What is 'sustainable' seafood?

May 21, 2010 12:00:35 PM PDT
The word sustainable is used frequently on restaurant menus, but sometimes it's just a marketing trick.The term is a response to concerns about overfishing and the environment. So he decided to ask around. The result?

Last year, the Sushisamba Restaurant group sold more than a half-million dollars' worth of bluefin tuna. But the fish is on the endangered list and is absolutely not sustainable, so they took it off of their menu recently. They are now working with "Clean-Seas Seafood," to establish a sustainable seafood program for all of their locations. The term applies to not only environmental issues, but also to fisheries that treat employees with as much respect as they do the product they're harvesting.

The Shedd Aquarium is both a place for fun and education. But lately, in addition to messages about conservation practices, there has been another key word: sustainability.

"?So when we are supporting sustainable seafood options, we are in turn supporting healthy oceans and healthy waters around the world," said a cooking instructor to her class.

Yes, they are now offering occasional cooking classes at the Shedd, like this one, featuring Arctic char. It's part of the aquarium's effort to showcase their "Right Bite" program.

"It's our Right Bite sustainable seafood wallet card. It contains a list of commonly eaten seafood classified into three different categories: green, yellow or red," said Kassia Perpich, the Shedd's Sustainable Seafood Coordinator.

Green are the most sustainable choices, from healthy populations of fish. They're caught or farmed in an environmentally friendly way. Yellow means middle of the road in terms of sustainability; these species are on the fence. Red is seafood that they recommend saving for special occasions, if at all. At the Soundings Cafe, they always have one sustainable choice on the menu, like these farm-raised shrimp tacos.

"We work very closely with the culinary industry: restaurants, retailers, seafood purveyors - to raise awareness and build a demand for sustainable seafood in our Chicago market," Perpich said.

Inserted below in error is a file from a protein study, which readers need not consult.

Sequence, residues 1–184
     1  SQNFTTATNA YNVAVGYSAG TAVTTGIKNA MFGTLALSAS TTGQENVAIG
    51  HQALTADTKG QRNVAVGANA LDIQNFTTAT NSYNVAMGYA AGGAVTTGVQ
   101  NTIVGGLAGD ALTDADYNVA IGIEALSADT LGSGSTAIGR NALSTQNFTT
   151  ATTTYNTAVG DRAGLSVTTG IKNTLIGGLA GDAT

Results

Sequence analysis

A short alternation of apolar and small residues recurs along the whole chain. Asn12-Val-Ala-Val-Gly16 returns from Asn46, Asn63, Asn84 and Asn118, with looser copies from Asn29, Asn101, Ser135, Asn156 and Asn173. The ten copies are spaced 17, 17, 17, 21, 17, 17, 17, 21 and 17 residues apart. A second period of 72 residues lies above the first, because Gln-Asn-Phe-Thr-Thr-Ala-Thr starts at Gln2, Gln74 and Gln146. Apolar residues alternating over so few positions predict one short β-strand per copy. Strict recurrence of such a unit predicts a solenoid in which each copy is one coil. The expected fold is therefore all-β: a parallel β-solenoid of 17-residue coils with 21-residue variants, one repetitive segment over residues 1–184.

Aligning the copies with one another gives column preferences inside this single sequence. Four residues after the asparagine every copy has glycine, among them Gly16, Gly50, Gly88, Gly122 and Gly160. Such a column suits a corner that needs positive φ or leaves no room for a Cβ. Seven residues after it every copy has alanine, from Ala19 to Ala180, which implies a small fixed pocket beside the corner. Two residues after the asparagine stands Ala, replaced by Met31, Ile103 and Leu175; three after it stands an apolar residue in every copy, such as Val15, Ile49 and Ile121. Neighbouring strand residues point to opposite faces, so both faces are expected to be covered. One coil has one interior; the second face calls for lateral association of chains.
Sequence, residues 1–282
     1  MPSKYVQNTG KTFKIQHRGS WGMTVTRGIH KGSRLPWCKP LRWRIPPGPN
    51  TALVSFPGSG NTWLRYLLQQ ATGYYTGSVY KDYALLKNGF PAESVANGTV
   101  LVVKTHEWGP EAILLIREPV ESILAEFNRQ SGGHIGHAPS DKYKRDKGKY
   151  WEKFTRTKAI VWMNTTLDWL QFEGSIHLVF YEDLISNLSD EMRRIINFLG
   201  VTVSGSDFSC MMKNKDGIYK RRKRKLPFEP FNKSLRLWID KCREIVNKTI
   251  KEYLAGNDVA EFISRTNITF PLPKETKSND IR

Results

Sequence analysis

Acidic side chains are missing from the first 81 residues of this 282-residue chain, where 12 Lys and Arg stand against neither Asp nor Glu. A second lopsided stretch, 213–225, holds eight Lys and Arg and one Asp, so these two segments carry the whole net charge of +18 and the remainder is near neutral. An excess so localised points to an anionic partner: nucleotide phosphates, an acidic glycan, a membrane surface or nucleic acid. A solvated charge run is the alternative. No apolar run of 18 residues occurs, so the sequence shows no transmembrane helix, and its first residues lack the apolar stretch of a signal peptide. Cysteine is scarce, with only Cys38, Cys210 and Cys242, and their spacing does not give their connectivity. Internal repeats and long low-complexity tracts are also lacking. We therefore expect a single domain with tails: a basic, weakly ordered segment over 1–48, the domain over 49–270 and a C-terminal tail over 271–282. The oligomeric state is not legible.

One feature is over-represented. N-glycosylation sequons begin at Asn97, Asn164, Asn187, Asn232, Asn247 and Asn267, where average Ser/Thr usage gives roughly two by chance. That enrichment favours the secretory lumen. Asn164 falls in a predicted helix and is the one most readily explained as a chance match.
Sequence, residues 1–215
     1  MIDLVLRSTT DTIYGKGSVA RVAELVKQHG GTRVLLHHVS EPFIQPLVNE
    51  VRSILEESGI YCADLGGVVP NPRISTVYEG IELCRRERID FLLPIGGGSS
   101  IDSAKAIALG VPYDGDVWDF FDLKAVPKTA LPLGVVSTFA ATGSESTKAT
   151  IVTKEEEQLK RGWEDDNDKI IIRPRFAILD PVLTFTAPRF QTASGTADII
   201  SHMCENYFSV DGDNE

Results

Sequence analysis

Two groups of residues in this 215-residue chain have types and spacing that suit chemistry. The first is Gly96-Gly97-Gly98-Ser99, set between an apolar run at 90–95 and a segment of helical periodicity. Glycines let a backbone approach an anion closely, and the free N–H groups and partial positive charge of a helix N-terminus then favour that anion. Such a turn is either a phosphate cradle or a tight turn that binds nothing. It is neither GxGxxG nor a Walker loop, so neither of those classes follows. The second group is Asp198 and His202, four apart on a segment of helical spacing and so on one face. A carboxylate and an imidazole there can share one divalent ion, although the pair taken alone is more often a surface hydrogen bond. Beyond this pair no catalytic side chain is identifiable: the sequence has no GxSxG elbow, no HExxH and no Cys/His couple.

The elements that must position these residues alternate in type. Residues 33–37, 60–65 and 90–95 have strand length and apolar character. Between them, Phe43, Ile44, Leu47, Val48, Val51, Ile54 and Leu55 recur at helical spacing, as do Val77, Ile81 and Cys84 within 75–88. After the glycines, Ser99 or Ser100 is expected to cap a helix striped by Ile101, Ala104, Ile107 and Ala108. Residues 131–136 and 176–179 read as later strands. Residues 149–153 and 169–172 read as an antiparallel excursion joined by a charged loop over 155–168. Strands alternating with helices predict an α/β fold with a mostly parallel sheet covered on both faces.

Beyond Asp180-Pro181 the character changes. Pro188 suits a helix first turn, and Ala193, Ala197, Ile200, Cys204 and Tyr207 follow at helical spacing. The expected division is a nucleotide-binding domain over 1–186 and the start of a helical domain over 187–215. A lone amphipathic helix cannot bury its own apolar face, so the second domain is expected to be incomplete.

One of those restaurant partners is Bistro Campagne in Lincoln Square, where you can dig into a giant bowl of steamed mussels from Prince Edward Island, and know that they're sustainably caught.

"We've decided it's probably smart to follow Mother Nature and stick with sustainable fish and that's what we've done," said Michael Altenberg, the Chef/Owner of Bistro Campagne.

Altenberg's barramundi is farm-raised in Australia. It's simply sauteed, then served with leeks in a red wine-shallot sauce. Similarly, his trout comes from Rushing Waters fishery in Wisconsin. He pan-roasts it, serving it simply with green beans and a sauce made from butter, blood oranges and fresh tarragon.

"We want to focus on seasonality, which is a big part of the reason, and we'd like all the fish that are out there to stay out there, at least in our lifetimes and our children's; so in a gentle way you have to tell your customers that it's not the season and that they should anticipate when beautiful salmon comes in, or when certain fish are available and not available," said Altenberg.

Local restaurants/businesses selling sustainably-raised seafood:

Bistro Campagne
4518 N. Lincoln Ave.
773-271-6100
bistrocampagne.com

Shedd Aquarium
1200 S. Lake Shore Dr.
312-939-2438
sheddaquarium.org

Big Jones
5347 N. Clark St.
773-275-5725
bigjoneschicago.com

Supreme Lobster & Seafood Inc
220 E. North Ave., Villa Park
630-834-3474

supremelobster.com

Prairie Fire
215 N. Clinton
312-382-8300
prairiefirechicago.com

Prairie Grass
601 Skokie Blvd., Northbrook
847-205-4433
prairiegrasscafe.com

North Pond
2610 N. Cannon Dr.
773-477-5845
northpondrestaurant.com

For more information: cleanseas.com

Pocket Guides

Shedd Aquarium: sheddaquarium.org/rightbite

Monterey Bay Aquarium: montereybayaquarium.org

Blue Ocean Institute in New York: blueocean.org

National Oceanic and Atmosheric Administration: mmfs.noaa.gov


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